The Egyptian god Ra was the ultimate source of light energy and life.
As the first sunrise, he often emerged as a shining bird or golden child from the watery chaos of Nun. As the supreme deity of the ancient Egyptian pantheon, Ra represented the warmth and nourishment necessary for the growth of crops and the sustenance of all life.
His power was so great that he was often depicted as a falcon-headed man, towering above the other gods.
Despite the passing of time, the influence of Ra can still be seen in many aspects of modern culture.
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Etymology of Ra’s Name
The Egyptian word for sun is “Ra.” However, Ra was known by many other names, some of which referred to other sun gods from other prominent cities in Egypt.
Some of these names included:
Ra originated in Heliopolis, a city known to the Greeks as the “city of the sun god” and called Iunu by the Egyptians.
Today, Heliopolis is a suburb of Cairo.
The worship of Ra and the importance of the sun in ancient Egyptian religion can be traced back to the city’s very name, which literally means “city of the sun” in Greek.
The sun god’s association with Heliopolis was so strong that the city became one of the most important religious centers in ancient Egypt.
Real-world History of the Ra Myth
The cult of Ra originated in the city of Iunu, also known as Heliopolis, which was known as the “city of the sun god” to the Greeks.
The Egyptians believed that the pyramids were rays of light coming from the sun, and they built temples in honor of Ra that were open to the sunlight and had no statues, as the sun itself represented Ra.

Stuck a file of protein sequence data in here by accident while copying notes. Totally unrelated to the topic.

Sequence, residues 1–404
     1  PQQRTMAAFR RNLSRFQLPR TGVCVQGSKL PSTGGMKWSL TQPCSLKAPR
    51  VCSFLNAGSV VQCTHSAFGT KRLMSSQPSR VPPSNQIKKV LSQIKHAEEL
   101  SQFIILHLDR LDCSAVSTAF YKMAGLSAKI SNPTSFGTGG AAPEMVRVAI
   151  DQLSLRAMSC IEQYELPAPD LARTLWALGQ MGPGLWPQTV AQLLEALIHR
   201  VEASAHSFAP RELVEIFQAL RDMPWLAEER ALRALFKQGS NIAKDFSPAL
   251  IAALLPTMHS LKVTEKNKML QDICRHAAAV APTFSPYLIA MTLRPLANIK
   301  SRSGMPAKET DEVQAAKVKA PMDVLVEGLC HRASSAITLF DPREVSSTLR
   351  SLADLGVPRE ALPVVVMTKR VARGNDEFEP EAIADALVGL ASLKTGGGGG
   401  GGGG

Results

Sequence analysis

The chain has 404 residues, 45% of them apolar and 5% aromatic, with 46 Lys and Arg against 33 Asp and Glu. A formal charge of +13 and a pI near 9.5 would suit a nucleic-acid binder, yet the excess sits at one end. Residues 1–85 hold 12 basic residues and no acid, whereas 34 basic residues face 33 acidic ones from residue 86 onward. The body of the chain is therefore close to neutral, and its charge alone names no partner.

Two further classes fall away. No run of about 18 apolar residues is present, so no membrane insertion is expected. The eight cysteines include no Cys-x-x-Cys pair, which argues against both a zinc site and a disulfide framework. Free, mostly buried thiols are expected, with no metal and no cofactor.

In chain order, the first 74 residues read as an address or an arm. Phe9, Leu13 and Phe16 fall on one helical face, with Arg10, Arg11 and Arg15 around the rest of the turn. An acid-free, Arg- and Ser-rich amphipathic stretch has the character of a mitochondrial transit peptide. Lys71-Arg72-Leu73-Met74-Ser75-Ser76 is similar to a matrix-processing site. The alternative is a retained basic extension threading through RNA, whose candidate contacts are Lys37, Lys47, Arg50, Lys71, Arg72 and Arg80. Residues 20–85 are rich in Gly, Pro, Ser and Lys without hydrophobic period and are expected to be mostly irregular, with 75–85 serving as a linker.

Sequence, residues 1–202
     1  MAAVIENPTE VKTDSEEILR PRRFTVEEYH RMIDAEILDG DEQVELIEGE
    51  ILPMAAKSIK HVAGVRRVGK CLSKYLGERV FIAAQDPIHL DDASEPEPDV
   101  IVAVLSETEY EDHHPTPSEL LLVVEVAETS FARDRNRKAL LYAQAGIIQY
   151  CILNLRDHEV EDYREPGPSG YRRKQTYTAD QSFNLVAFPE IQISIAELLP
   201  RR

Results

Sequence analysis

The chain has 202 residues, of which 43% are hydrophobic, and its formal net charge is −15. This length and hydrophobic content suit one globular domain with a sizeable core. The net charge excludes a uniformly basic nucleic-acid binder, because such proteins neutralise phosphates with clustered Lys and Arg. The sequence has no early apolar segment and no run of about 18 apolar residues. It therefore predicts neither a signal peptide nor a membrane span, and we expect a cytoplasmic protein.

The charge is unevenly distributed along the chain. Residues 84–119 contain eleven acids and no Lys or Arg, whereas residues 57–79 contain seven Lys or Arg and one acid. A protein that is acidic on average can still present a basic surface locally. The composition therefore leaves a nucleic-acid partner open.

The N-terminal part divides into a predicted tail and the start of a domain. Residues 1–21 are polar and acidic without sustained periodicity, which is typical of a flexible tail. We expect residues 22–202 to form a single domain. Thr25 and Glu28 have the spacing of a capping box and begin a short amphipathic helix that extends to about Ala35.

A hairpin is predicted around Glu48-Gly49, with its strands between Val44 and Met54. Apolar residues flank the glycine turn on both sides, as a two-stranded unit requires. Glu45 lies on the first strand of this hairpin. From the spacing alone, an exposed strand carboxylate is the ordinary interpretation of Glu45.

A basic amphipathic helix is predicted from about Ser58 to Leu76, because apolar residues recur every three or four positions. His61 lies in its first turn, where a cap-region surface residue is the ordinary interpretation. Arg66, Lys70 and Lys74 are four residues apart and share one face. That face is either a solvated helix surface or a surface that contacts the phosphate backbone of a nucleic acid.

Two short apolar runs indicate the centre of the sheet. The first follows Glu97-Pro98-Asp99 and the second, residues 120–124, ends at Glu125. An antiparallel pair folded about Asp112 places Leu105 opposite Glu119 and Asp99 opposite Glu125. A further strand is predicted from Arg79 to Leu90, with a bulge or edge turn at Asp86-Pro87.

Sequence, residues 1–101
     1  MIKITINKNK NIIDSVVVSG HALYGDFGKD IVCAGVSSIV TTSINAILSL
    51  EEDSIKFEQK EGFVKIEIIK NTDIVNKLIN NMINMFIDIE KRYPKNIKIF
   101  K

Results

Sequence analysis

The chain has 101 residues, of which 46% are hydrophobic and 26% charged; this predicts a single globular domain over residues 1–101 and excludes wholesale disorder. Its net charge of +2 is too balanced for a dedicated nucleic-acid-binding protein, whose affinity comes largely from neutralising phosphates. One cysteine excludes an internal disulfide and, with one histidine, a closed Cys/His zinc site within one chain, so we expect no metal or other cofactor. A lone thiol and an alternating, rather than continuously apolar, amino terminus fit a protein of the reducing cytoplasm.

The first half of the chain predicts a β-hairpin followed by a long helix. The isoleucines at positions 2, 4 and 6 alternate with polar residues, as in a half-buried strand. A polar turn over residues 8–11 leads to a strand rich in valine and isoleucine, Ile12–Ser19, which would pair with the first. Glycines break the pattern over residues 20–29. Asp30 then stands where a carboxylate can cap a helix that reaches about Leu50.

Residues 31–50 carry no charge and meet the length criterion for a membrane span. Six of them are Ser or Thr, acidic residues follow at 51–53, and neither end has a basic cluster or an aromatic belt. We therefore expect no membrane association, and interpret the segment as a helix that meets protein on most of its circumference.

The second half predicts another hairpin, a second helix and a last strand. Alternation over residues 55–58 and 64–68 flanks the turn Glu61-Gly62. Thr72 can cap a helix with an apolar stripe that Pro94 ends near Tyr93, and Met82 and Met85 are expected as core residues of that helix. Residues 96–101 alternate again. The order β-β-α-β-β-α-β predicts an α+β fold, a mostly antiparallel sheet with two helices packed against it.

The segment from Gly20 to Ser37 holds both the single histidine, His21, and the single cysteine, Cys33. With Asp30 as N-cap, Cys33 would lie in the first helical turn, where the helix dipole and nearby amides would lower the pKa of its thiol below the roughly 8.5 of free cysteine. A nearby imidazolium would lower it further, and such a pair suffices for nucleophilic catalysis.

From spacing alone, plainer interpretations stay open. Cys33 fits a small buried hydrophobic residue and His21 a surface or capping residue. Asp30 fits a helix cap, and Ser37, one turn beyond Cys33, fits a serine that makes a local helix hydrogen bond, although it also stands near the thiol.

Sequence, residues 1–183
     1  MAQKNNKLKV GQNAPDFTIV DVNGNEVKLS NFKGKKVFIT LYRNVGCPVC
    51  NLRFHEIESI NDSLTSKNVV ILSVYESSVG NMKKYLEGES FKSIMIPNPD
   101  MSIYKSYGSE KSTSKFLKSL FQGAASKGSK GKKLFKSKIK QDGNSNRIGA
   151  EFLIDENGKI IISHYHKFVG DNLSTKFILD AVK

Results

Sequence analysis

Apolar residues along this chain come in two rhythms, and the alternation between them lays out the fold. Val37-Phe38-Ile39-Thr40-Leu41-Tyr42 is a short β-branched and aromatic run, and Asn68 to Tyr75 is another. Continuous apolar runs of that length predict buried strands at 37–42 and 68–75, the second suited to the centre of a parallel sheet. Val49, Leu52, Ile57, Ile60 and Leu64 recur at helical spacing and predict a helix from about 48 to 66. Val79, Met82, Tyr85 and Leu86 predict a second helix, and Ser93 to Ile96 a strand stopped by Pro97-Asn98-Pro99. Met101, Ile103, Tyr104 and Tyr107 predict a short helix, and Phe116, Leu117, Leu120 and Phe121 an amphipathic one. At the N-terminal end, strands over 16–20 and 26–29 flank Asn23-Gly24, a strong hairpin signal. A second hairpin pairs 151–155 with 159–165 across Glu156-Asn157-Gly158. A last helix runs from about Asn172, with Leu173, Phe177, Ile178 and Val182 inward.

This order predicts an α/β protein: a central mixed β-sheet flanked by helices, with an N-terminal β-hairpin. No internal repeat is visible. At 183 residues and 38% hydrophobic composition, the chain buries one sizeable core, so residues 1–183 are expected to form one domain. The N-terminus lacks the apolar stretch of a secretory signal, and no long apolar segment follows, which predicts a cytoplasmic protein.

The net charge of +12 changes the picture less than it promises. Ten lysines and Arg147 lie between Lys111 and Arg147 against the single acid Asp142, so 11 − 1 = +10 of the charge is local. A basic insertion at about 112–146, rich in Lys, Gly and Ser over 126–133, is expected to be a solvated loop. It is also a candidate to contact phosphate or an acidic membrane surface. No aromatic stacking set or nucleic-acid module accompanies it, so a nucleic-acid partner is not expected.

The earliest known solar temple in Heliopolis was thought to be the place where Ra first emerged at the beginning of creation.
The First Reference
The first reference to Ra dates back to the Second Dynasty.
From the Fifth Dynasty, which began in the twenty-sixth century BCE, to the Roman Period, all the rulers of Egypt called themselves the “Sons of Ra.”
The enemies of Egypt were labeled as the enemies of Ra, and the worship of the sun god reached its peak during the New Kingdom.
Many tombs in the Valley of the Kings depict Ra’s journey through the underworld.
The Middle Kingdom
In the Middle Kingdom, Ra merged with the god Amun to become Amun-Ra.
However, the pharaoh Akhenaten attempted to reject the worship of Amun-Ra in favor of Aten, another solar god, but this change was short-lived.
The worship of Ra continued to be a central part of ancient Egyptian religion until the end of the civilization.
Attributes of Ra
So what was Ra like? Well, there is actually a lot to talk about:
Ra was often associated with Maat, the goddess of balance and order, and was typically represented with a solar disk above his head.
He was often depicted as a man with the head of a falcon, holding a scepter and an ankh.
In some depictions, Ra was portrayed as a scarab beetle, as the scarab pushing dung across the desert symbolized the journey of the sun.
Ra traveled in a boat called the Atet, which carried him across the sky each day.
Ra was a powerful god who was revered by the ancient Egyptians for his role in the daily cycle of the sun.
He was seen as a symbol of order and stability, and was often invoked by pharaohs to bring them strength and power.
Despite his great power, Ra was also associated with justice and balance, making him a well-rounded and important deity in the ancient Egyptian pantheon.
Relationship with Other Gods
In ancient Egyptian mythology, Ra was often depicted as having four souls: